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Oliver Stone Says He’s Not Homophobic After Calling Russia’s Anti-Gay Law ‘Sensible’

Oliver Stone suggests people watch his historical epic "Alexander" if they think he is homophobic.

MANDATORY CREDITMandatory Credit: Photo by ALEXEY DRUZHINYN/SPUTNIK/KREMLIN POOL/EPA-EFE/Shutterstock (10342186b)Oliver Stone interviews Russian President Vladimir Putin for his Revealing Ukraine documentary at the Kremlin in Moscow, Russia, late 19 July 2019.US film director Oliver Stone interviews Vladimir Putin, Moscow, Russian Federation - 19 Jul 2019

Oliver Stone

ALEXEY DRUZHINYN/SPUTNIK/KREMLIN POOL/EPA-EFE/Shutterstock

Oliver Stone has responded to comments he made in an interview with Vladimir Putin published as a transcript by the Kremlin earlier this week. In that interview, the “Platoon” director expressed support for Russia’s anti-gay propaganda law. The law, which Putin signed in June 2013, makes the distribution of “propaganda of non-traditional sexual relationships” among minors an offense punishable by fines.

The two men were talking to promote “Revealing Ukraine,” a new documentary executive produced by Stone (and directed by Igor Lopatonok) that includes interviews with Putin — Stone had previously directed the four-hour Showtime series “The Putin Interviews” that aired in 2017. The Oscar-winner had previously produced Lopatonok’s 2016 documentary “Ukraine on Fire.”

“I don’t know what is going on with the American culture,” Stone told Putin. “It’s very strange right now. So much of the argument, so much of the thinking, so much of the newspaper, television commentaries about gender, people identify themselves, and social media, this and that, I’m male, I’m female, I’m transgender, I’m cisgender. It goes on forever, and there is a big fight about who is who.”

Putin responded by saying the younger generation “lives too well” and has “nothing to think about,” to which Stone said, “Yeah, but it’s not a healthy culture.”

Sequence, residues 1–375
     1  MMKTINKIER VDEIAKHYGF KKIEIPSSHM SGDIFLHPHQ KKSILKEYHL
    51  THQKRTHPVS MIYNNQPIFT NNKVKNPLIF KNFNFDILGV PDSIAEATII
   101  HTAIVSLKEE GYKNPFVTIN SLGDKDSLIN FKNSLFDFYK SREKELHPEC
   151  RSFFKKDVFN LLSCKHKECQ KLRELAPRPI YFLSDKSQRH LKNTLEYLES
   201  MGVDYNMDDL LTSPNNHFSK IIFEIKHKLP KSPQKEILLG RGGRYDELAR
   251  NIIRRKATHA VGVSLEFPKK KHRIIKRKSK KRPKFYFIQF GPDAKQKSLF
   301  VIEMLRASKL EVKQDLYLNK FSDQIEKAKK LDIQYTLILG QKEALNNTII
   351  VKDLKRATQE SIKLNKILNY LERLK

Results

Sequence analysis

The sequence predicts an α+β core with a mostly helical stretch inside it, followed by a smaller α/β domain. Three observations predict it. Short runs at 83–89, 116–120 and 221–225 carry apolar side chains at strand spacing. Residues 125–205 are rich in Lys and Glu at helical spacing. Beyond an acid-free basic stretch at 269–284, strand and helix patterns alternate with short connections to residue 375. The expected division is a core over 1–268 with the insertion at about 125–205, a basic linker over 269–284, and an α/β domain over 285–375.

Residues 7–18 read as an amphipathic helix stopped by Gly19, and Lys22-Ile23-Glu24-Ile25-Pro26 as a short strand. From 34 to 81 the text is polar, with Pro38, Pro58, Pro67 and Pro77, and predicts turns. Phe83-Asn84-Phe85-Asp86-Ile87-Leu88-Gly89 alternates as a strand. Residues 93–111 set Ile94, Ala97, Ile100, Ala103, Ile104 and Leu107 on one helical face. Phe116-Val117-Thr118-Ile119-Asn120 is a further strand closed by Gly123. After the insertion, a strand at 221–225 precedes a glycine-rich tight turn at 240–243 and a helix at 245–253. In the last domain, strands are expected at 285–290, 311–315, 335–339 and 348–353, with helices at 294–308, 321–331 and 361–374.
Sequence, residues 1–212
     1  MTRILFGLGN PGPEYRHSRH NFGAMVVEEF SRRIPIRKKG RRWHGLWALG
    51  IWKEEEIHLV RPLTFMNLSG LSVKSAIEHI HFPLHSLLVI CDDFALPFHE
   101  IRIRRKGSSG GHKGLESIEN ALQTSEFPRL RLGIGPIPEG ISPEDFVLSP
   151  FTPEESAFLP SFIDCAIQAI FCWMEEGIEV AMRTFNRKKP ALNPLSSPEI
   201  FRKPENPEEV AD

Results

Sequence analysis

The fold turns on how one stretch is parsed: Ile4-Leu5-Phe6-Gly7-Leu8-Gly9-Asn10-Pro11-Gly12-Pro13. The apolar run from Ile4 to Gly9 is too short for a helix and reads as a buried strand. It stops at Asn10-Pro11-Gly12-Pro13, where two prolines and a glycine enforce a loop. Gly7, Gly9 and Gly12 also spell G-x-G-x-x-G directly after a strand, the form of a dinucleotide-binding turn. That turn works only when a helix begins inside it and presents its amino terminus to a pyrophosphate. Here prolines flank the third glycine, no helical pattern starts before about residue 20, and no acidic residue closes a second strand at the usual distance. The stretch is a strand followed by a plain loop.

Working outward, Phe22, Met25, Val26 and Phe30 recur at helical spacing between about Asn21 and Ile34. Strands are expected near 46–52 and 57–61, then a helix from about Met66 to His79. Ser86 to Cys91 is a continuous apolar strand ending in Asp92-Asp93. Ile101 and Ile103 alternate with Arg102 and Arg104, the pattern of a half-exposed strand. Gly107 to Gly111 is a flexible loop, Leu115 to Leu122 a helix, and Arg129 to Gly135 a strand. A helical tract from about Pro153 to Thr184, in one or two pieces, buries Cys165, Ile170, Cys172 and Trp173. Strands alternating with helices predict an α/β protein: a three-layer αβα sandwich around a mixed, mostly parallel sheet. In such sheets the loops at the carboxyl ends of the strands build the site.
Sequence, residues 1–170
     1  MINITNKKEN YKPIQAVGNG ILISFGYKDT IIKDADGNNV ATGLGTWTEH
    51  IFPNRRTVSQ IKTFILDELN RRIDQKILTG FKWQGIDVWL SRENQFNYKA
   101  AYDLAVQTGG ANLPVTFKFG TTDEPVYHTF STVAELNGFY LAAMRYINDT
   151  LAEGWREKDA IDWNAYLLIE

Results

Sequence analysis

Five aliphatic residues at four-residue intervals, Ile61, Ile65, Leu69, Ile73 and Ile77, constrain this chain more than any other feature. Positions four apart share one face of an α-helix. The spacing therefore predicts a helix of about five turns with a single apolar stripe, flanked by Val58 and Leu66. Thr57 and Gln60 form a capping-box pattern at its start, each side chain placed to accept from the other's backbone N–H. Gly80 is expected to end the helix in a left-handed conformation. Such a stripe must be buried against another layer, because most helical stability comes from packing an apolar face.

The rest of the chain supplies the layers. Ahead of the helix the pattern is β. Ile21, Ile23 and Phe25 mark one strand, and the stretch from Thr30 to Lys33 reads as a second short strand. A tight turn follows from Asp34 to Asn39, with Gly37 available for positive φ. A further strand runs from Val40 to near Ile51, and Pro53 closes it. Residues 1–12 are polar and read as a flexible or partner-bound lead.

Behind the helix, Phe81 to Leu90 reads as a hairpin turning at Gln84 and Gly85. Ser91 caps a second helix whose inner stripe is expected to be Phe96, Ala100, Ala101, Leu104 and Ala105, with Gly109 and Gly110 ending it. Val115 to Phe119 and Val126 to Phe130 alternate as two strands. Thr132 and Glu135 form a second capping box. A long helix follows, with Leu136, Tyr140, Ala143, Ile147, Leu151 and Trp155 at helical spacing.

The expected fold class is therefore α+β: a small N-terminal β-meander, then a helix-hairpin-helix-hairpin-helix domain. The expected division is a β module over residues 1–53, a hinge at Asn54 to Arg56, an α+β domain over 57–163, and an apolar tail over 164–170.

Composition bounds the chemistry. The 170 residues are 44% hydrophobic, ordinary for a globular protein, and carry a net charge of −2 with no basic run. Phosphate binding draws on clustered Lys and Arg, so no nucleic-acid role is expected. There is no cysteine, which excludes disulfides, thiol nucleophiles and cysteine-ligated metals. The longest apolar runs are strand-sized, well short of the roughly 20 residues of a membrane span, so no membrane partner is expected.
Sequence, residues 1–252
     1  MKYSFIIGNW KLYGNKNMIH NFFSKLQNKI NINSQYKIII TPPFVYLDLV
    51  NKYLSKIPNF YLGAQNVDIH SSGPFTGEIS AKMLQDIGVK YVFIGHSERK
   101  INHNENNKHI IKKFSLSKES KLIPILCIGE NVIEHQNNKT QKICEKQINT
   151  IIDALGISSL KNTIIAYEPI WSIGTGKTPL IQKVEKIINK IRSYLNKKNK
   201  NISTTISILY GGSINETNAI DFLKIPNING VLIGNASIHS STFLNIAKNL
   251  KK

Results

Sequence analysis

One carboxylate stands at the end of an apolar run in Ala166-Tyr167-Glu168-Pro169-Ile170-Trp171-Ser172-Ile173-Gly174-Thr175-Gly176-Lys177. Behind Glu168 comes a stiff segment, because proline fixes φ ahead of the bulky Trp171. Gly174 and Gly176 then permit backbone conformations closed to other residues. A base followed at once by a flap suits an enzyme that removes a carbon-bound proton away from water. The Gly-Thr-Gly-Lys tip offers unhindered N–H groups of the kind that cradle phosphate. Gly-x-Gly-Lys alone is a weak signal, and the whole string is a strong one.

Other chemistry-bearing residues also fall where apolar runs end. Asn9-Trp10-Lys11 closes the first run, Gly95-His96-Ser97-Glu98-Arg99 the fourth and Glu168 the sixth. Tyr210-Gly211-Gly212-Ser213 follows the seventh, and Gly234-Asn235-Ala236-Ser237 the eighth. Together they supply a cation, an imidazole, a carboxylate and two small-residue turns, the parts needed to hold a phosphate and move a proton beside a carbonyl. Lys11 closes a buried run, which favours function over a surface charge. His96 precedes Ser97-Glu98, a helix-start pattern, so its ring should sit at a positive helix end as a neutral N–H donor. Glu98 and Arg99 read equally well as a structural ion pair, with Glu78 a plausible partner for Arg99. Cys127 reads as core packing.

The Russian leader explained, “We have a law banning [gay] propaganda among minors.”

Stone responded, “Yes, that’s the one I’m talking about. It seems like maybe that’s a sensible law.”

Putin continued, “It is aimed at allowing people to reach maturity and then decide who they are and how they want to live. There are no restrictions at all after this.”

Though there’s no way to verify the accuracy of the transcript published by the Kremlin directly, Stone isn’t denying what he’s quoted as saying. He posted a statement to his Facebook page. The director said that neither he nor the Russian president are “anti-gay/LGBTQ” and directed anyone angry with his comments to watch his 2004 historical drama “Alexander.”

“As to gay/LGBTQ beliefs in Russia, again much misunderstood,” Stone wrote on Facebook. “Mr. Putin made himself clear in ‘The Putin Interviews’ – he’s not anti-gay/LGBTQ. Nor am I. Have another look at ‘Alexander,’ for which we took a beating in 2004. Beyond the Hephaestion story in the sexuality department, I prominently featured Alexander’s love for the Persian eunuch Bagoas, certainly an example of a third sex and emblematic of Alexander’s world vision, which I much admired. Do not bring American expectations to Russian life any more than you expect Iran, Korea, Venezuela, or China to follow our political or social demands.”

Stone and Putin have been friends for several years. In 2017, Stone sat down for a series of interviews with Putin that turned into the four-part Showtime docu-series “The Putin Interviews.” The two men were back together for Stone’s latest project, “Revealing Ukraine.” The Kremlin transcript between Stone and Putin has also generated headlines for a moment where the film director asks the Russian leader to be his daughter’s godfather. Stone says this bit was also taken out of context.

Stone’s representatives have not responded to IndieWire’s multiple requests for comment.

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